6 May 2006

Top 10 Comic Book Movies

With the arrival of this summer's X3: The Last Stand, a slue of adapted-for-cinema graphic novels and comic book series that have littered theaters for the past three decades, and several upcoming blockbusters set for release over the next year or so already in production, I thought it would be a good time to reveal my Top 10 Comic Book Movies list.
Agree, disagree, or indifferent, the following entries have proven to be more than just fodder for fanboys/girls and comic shop geeks. This is the lowdown on the best movies from the funkiest, funniest and coolest genre around.
Entries are not judged merely on their superior f/x or the accuracy of their adaptation, but again, their impact on cinema and the movie-going public at the time of their release. That's not to say that those attributes have been ignored, just not solely based upon.
I won't take the time or energy to breakdown each film in depth, but will give a satisfactory synopsis of each.

Here we go...

1. BATMAN BEGINS (2005): Although the previous four Batman releases thoroughly beat the Dark Knight franchise with the camp stick, this rendition redeems our hero by maintaining the same dark malevolence and coarse credibility that fuelled Frank Miller's revamp of the comic book franchise with The Dark Knight Returns (DC Comics, 1986). Despite the enigmatic title, this film gave us a cooler Batmobile, a killer cast and great villain in Cillian Murphy's Scarecrow.

2. SUPERMAN THE MOVIE (1978): Richard Donner's adaptation of the most iconic superhero of all time (Spidey and Bats are phenoms, but the Man Of Steel is the big kahuna) is a fantastical story that gave viewers the sense that the story was actually happening - that one would believe a man really could fly. Sure, the effects have dated considerably since the near-30 years that Christopher Reeves soared around the globe (reversing time), but it still has a sense of scale that impresses.

3. X-MEN 2 (2003): Bryan Singer's second stab at the X franchise is the perfect comic book entree which is exciting (Nightcrawler's attempt to assassinate the President), moving (Wolverine's anguish over his past), topical (a feared minority starts global conflict), and intimate (Iceman's 'coming-out' to his family). This edition was smart, funny and complex... and hugely successful for Singer, which bodes well for us as he is responsible for Superman's return later this year.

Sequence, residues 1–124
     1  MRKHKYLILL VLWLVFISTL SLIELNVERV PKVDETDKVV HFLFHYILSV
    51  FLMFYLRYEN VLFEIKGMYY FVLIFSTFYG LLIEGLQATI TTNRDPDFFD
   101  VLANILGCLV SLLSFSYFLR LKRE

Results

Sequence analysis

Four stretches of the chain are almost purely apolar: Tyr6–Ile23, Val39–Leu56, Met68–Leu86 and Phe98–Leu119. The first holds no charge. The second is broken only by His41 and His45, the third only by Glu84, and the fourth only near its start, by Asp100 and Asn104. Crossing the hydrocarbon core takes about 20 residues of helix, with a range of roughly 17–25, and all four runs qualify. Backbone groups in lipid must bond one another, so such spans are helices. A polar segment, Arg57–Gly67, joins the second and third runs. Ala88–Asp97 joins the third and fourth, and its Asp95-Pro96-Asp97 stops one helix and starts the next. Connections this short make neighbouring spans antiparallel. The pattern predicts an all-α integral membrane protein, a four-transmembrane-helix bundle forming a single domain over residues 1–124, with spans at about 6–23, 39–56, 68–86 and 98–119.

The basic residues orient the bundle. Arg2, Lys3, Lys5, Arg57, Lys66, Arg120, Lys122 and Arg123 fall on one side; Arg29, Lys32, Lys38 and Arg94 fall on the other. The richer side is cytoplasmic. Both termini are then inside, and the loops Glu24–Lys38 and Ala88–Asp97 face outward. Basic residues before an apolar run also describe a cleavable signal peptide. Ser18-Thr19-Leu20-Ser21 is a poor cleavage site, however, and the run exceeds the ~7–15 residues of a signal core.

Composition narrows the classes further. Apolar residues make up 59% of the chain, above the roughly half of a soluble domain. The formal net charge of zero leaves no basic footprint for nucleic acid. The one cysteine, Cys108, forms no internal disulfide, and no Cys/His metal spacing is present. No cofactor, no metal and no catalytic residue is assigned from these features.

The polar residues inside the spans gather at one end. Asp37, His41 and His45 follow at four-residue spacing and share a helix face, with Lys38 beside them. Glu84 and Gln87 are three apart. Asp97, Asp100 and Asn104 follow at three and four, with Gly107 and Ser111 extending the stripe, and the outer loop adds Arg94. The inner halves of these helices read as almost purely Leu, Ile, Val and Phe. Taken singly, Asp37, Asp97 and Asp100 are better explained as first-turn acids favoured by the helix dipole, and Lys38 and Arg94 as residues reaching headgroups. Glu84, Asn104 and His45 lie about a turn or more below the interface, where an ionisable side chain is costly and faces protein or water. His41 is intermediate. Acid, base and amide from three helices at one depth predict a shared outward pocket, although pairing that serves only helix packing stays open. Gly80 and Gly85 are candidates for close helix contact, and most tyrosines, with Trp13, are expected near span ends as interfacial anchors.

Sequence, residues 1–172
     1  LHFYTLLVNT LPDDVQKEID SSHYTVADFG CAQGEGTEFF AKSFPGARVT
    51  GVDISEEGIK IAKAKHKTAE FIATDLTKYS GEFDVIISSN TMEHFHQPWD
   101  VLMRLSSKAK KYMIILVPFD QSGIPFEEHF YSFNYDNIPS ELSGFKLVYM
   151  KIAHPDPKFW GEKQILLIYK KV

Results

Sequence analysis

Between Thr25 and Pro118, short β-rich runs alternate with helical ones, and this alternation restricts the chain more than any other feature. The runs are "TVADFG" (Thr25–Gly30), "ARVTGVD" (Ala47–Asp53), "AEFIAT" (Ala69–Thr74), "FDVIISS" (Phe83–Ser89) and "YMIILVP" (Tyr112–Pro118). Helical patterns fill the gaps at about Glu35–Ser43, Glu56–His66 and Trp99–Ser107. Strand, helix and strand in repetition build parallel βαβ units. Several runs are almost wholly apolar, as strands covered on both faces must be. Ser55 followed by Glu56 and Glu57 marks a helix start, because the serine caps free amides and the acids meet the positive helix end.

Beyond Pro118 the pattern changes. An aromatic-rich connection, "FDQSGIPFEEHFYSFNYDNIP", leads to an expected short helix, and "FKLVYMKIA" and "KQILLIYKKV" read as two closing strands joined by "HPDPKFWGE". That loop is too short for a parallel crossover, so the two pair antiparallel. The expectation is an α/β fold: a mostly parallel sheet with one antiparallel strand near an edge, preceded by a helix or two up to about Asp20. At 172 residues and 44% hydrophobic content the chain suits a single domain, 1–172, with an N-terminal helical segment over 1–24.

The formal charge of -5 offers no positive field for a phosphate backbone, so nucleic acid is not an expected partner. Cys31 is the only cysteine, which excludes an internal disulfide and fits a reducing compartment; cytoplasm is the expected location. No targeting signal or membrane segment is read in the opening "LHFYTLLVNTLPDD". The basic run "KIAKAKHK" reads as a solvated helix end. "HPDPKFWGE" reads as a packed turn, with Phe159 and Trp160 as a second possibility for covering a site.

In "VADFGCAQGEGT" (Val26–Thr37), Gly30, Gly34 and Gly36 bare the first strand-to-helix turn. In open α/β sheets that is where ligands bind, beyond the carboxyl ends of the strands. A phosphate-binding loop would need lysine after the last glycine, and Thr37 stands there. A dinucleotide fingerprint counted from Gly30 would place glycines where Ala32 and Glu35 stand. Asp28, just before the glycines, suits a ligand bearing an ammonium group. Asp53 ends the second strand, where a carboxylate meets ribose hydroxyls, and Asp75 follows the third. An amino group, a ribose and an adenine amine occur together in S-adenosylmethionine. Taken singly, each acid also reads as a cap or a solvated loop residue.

4. SPIDER-MAN (2002): A by-the-book origin movie that invites viewers to journey with Spidey every step of the way, as he faces off with a giggling Green Goblin. Getting to see the softer side of Spider-Man (Peter Parker) hit such a chord with movie-goers that this film is still the highest-grossing superhero flick of all time.

5. SIN CITY (2005): It was only a matter of time before someone attempted a direct rendering of the bold framing of comic book panels to film. Robert Rodriguez partnered with SIN CITY creator, Frank Miller, in this neo-noir release to produce the most accurate adaptation of graphic-novel-to-big-screen that's ever been done. SIN CITY oozes with style and its black and white film only adds to the style-over-substance design.

6. BLADE (1998): Predating the Matrix's leather chic by a year, BLADE is a slamming slice of high-quality action, dripping with attitude and cool. We see a reinvented BLADE (from the comic book) as a vampire hunter with a serious penchant for kung fu - the opening scene, in which BLADE lays waste to a nightclub full of bloodsuckers, is a veritable classic!

7. X-MEN (2000): This was the first Marvel masterpiece which sees a team of mutant superheroes protecting the very people who fear them. Riddled with spectacular special f/x, X-MEN is a wonderful story that single-handedly relaunched the comic-book-to-film genre after Warner Brothers effectively destroyed it with the horrific "Batman & Robin."

8. THE ROAD TO PERDITION (2002): Didn't know this one was a graphic novel, did ya? Without a cape or pair of tights in sight, TRTP is a classic gangster graphic novel, infusing the violence with fantastic cinematography
- the shootout in the rain is dazzling
- and finding emotional depths in the crux of father-son relationships. TRTP is a meditation on the effects of violence and a heart-wrenching family drama.

9. SUPERMAN II (1980): A multi-layered, multi-toned movie in which Supes falls in love, faces his own mortality and takes on three evil Kryptonians, each as powerful as him. With these three sub-plots in the mix, SUPERMAN II should never have worked... not to mention the fact that director Richard Donner was fired with 70% of the movie in the can, and replaced by Richard Lester, known for his playful streak that by all rights should not have meshed with Donner's straight-faced Americana.
But it did work.

10. HELLBOY (2004): Monstrous, horned and sporting an arm made of solid rock, for all intents and purposes, HELLBOY is the antithesis of almost every superhero you can imagine (save for, possibly, Ghost Rider or Lobo... but most of you have probably never heard of him). He's the spawn of the devil, for one thing, which may be why this labor of love is so appealing - spooky, exciting and romantic. Yes, romantic.

Honorable Mentions (in no particular order):

- A History of Violence
- V For Vendetta
- Conan the Barbarian
- The Punisher (w/ Thomas Jane)
- Ghost World

The Five Worst Comic Movies (in no particular order):

- Superman IV: The Quest
- Batman & Robin
- Tank Girl
- Dick Tracy
- The Punisher (w/ Dolph Lundgren)

3 comments:

Anonymous said...

You forgot about the Crow and Conan the Barbarian.

Ray

Chris & Jasheen said...

No, I didn't. The Crow is not one of the 10 best and neither is Conan... although I should have included Conan in the Honorable Mention category.

Nate Manchester said...

You should put "Spawn" in your five worst category.